We had lunch at the Restaurant Zeughauskeller, local bankers and tourists alike partaking of Swiss fare. After lunch we found the Watch and Clock museum, which is in the underground floor of a watch shop. The museum is very small but has a neat collection of timepieces. The watch shop, however, was also impressive: I probably can't afford anything where they server the customers Champagne while they peruse the wares.
We jumped on the No 11 tram and took it out to the Tram Museum. It was an interesting collection of old tram cars, housed in a former service depot. The Zürich card included both transit and entry to the museum. Seattle should do something similar, if it doesn't already. Many of the cities we visited had a similar package: museums, transit, and discounts.
Back in the old town, we found the Toy Museum and a bratwurst stand for dinner. Day one in the bag. Off to Mürren and the mountains in the morning.
Morning of departure: hurry to the train station...split up to get tix and food. I go to the Coop for travel snacks; and on the way back to the station I see the final nail in the 'MOVE TO EUROPE NOW, TIM" coffin: some dude walking to the Zurich train station in SKI BOOTS, carrying his skis Not carrying his boots, walking in them, kinda like walking from the parking lot to the lift. In down-effing-town Zurich. This is good.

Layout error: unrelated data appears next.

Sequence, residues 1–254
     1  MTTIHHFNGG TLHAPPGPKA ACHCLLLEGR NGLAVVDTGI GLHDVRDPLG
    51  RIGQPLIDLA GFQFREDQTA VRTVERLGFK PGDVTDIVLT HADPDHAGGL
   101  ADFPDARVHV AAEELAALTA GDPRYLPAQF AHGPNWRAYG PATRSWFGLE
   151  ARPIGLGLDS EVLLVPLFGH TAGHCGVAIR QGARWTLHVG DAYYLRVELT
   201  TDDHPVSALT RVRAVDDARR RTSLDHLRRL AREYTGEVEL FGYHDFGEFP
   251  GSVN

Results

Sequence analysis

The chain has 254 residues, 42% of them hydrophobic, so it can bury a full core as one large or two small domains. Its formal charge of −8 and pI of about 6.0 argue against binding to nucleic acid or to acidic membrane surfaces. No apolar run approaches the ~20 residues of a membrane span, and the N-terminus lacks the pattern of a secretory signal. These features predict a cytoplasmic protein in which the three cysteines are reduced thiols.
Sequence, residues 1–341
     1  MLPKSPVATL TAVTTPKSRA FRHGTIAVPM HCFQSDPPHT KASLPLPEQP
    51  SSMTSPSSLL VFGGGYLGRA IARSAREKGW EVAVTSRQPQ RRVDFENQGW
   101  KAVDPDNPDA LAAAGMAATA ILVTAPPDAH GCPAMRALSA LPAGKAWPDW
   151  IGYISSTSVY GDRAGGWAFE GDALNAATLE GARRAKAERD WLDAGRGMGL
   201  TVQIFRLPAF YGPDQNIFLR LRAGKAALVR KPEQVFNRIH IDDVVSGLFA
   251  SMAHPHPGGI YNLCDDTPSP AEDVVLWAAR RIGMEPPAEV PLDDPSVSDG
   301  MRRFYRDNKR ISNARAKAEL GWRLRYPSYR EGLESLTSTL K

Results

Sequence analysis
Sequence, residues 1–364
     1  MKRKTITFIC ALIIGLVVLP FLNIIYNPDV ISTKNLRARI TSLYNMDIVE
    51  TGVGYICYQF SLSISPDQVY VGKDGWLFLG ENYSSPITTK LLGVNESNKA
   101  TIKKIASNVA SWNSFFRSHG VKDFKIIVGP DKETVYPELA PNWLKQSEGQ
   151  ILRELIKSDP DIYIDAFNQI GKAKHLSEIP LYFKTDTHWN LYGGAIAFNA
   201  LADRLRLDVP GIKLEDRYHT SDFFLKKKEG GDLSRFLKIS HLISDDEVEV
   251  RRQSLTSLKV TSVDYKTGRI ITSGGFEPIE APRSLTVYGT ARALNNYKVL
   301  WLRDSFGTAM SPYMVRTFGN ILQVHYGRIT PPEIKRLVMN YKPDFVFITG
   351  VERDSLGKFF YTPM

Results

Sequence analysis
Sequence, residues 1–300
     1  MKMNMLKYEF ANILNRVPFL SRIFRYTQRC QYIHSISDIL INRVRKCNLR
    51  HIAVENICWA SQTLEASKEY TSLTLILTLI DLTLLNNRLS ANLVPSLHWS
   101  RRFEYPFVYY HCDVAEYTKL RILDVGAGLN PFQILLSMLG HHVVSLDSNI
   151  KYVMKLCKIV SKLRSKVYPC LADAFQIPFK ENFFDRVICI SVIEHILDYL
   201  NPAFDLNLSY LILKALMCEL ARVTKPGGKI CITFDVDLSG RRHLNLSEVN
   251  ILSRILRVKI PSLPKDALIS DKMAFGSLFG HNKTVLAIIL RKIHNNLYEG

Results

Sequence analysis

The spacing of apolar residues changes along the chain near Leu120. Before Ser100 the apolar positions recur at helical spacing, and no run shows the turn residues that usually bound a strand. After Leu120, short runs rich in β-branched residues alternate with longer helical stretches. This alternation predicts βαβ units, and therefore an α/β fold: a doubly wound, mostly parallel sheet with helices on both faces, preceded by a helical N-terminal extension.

Posted by Tim and Kari at 11:25 PM
Wednesday, February 2, 2011
I can't believe it's been almost a year since we returned from our World Tour. The wanderlust was getting pretty bad. I have been to Switzerland several times, including our last swing through Europe, but Kari never has. Some leftover airline miles gave us the perfect opportunity to fill that gap: a couple of tickets in the Affaires cabin, courtesy of Air France, and away we go.
The flight from Seattle to Paris was very comfortable and smooth (and fairly empty). Transit through security upon arrival was bizarrely fast: no paperwork, no grilling at passport control, no long customs queues, nothing. Under a minute in line, a quick stamp, and "Welcome to France". (An unspoken welcome, but I knew she was thinking it.)
Both the landings in Paris and in Zürich were through very low cloud cover, so even though we arrived in daylight we didn't get to glimpse either city coming in. The Zürich airport is fairly compact which meant the bags were quick to arrive. And for the first time in my life, my bag was the first off the plane! I hope that won't be the highlight of the trip.
More as we move along.
Saturday, December 25, 2010
Just for fun, I published a couple of books about our trip. Blurb's preview is not all that great, but check them out online if you're interested.
Posted by Tim and Kari at 10:14 AM
Tuesday, April 27, 2010
Sunday, February 28, 2010
Daily WTF for a while so during the first phase of our trip, we decided to send Alex some souvenirs and see if we made it on the site. Sure enough, he posted a photo of our trinkets and even sent us some great stickers in return.
Posted by Tim and Kari at 3:52 PM
Monday, February 22, 2010
We have been home for a couple of weeks now and it is taking some adjusting to get used to life in a single place. The hardest part has been trying to get back to a semi-normal schedule without any external reasons to do so. We have a lot to do around the house, but without jobs, it is difficult to create a daily routine. The job search is going slower than I'd hoped, but I'm optimistic that things will pick up over the next month. Until then, we are keeping ourselves busy around the house and networking as much as possible.
Posted by Tim and Kari at 11:51 AM